(5) Alexander's first issue on appeal is that the police officers violated his constitutional rights because they lacked reasonable and articulable suspicion to stop him. As a result, according to Alexander, the evidence seized incident to the search of his person should have been suppressed. Alexander did not file a motion to suppress in the Superior Court. Accordingly, we review this claim for plain error only.[2]

         (6) Plain error exists when the error complained of is apparent on the face of the record and is so prejudicial to a defendant's substantial rights as to jeopardize the integrity and fairness of the trial.[3] The burden of persuasion is on the defendant to show prejudice.[4] In this case, Alexander does not dispute that he had two active capiases against him, nor does he challenge the validity of those warrants. The officers testified that they knew Alexander was wanted, and they had a description of Alexander and were able to identify him from that description. Under the circumstances, Alexander's status as a wanted individual, along with the description, gave the police reasonable suspicion to stop the person they believed to be Alexander. We find no merit to his first claim on appeal.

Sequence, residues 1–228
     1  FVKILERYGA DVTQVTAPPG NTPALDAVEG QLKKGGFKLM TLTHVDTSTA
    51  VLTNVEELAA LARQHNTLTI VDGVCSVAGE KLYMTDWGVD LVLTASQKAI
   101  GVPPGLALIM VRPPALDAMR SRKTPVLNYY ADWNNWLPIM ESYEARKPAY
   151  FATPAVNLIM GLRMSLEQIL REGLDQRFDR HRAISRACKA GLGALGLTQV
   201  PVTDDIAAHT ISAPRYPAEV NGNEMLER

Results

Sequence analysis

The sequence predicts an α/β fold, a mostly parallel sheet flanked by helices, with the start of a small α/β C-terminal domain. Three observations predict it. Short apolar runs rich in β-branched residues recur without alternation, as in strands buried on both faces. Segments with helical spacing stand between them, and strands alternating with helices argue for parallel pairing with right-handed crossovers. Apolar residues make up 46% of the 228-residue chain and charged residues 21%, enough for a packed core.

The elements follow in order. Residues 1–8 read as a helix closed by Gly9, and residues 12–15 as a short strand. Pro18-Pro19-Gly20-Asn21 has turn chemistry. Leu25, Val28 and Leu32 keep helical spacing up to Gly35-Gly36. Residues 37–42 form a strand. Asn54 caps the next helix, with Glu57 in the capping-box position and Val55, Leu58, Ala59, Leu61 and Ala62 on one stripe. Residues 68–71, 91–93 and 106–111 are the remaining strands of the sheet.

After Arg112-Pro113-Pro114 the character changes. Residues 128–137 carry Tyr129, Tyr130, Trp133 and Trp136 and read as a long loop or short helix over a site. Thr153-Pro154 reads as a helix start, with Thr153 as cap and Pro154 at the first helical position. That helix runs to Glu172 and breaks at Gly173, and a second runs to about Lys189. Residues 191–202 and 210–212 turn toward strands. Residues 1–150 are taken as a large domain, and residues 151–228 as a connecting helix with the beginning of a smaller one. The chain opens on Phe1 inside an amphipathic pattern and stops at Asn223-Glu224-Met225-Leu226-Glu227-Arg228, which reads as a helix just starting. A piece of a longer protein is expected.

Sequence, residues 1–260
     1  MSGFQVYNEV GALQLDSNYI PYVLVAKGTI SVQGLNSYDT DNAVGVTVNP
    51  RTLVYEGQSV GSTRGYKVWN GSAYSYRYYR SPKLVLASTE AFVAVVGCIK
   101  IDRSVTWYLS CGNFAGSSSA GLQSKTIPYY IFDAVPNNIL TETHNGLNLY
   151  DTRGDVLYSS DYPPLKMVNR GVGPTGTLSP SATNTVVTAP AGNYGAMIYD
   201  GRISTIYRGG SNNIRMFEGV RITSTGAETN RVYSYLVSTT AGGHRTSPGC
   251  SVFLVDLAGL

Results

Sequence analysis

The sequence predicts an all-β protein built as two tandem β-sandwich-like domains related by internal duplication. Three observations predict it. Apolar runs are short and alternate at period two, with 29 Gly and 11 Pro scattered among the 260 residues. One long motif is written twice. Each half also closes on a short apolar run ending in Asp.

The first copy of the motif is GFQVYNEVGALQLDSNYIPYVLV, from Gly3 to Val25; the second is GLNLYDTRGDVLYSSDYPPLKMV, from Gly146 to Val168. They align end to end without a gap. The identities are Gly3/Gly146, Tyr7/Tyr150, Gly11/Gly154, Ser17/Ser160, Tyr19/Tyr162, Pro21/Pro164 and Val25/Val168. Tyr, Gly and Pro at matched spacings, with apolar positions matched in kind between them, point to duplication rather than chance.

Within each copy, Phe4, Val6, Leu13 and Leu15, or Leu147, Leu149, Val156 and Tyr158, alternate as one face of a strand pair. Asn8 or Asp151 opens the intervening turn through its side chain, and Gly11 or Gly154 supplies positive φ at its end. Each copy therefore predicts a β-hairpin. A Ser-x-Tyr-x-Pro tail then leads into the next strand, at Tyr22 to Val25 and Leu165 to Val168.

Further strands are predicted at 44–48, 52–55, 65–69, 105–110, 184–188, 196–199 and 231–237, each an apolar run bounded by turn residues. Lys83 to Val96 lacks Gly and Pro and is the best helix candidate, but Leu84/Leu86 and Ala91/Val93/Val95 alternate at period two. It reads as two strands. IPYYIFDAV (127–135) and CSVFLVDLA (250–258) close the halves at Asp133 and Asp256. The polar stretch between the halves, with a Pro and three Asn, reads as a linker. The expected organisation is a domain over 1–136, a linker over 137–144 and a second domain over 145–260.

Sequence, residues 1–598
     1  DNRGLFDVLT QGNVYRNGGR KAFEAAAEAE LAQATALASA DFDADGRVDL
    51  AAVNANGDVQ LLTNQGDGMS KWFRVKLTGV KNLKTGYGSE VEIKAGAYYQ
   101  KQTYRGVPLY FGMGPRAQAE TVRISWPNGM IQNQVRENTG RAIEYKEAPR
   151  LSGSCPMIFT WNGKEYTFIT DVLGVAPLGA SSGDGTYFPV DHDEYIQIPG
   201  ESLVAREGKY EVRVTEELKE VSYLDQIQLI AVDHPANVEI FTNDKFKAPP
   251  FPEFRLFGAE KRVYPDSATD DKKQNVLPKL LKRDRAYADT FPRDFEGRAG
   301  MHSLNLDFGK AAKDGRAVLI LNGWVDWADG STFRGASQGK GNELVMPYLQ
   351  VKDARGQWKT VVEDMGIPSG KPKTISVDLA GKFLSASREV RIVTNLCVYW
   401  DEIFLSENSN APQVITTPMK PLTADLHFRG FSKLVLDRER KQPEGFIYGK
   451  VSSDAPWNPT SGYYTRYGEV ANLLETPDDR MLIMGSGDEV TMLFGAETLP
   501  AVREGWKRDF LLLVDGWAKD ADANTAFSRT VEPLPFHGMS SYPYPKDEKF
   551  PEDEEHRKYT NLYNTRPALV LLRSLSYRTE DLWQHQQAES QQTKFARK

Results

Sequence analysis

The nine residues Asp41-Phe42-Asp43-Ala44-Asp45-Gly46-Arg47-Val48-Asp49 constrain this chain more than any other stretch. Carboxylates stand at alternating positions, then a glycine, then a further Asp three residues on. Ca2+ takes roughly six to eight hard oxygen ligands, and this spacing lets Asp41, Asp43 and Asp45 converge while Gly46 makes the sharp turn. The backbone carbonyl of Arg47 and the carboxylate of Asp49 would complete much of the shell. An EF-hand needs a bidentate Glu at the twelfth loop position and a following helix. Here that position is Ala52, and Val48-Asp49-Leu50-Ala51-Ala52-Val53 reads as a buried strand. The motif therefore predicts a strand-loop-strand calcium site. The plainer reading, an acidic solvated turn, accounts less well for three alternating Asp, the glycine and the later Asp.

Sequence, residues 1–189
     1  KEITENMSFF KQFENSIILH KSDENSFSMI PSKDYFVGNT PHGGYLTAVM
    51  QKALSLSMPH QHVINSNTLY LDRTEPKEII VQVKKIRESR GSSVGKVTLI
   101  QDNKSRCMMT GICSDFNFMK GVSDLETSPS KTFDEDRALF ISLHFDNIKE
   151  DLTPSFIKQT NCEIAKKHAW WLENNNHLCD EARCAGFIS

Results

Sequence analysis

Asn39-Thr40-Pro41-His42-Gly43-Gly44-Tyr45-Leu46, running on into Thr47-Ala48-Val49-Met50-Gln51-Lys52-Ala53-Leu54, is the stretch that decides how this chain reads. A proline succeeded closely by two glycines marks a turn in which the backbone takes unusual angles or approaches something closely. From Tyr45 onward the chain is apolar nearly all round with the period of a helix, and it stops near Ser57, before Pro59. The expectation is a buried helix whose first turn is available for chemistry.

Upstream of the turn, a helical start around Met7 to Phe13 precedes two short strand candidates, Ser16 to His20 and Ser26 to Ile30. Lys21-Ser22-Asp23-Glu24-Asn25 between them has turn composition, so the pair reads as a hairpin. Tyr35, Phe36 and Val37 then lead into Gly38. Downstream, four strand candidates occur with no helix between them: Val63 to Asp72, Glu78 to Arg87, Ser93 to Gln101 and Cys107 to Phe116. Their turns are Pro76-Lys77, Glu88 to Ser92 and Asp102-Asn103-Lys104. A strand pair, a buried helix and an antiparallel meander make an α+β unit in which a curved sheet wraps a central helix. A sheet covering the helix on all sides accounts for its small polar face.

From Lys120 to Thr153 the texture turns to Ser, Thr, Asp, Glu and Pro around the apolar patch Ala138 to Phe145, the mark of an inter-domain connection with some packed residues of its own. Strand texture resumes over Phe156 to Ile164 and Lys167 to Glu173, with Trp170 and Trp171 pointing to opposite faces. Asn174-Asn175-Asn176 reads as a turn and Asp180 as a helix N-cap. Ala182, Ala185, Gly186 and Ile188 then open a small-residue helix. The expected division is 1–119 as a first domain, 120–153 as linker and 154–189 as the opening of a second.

(7) Alexander's remaining issue is a challenge to the sufficiency of the evidence. He seems to assert that the Superior Court acquitted him of CCDW because the State offered no DNA or fingerprint evidence, which should have led to his acquittal on the weapon-related charges. Alexander is factually incorrect, however. The trial transcript reflects that the Superior Court acquitted Alexander on the CCDW charge because the State failed to prove that Alexander did not have a license to carry a concealed deadly weapon. The Superior Court expressly found sufficient evidence that Alexander possessed a loaded gun while in possession of marijuana and that he was a person prohibited from possessing a gun. After reviewing the evidence in the light most favorable to the prosecution, we conclude that a rational trier of fact could have found the essential elements of the other crimes beyond a reasonable doubt.[5] Thus, we find no merit to Alexander's second argument on appeal.

         (8) The Court has reviewed the record carefully and has concluded that Alexander's appeal is wholly without merit and devoid of any arguably appealable issue. We also are satisfied that Alexander's counsel has made a conscientious effort to examine the record and has properly determined that Alexander could not raise a meritorious claim in this appeal.

          NOW, THEREFORE, IT IS ORDERED that the State's motion to affirm is GRANTED. The judgment of the Superior Court is ...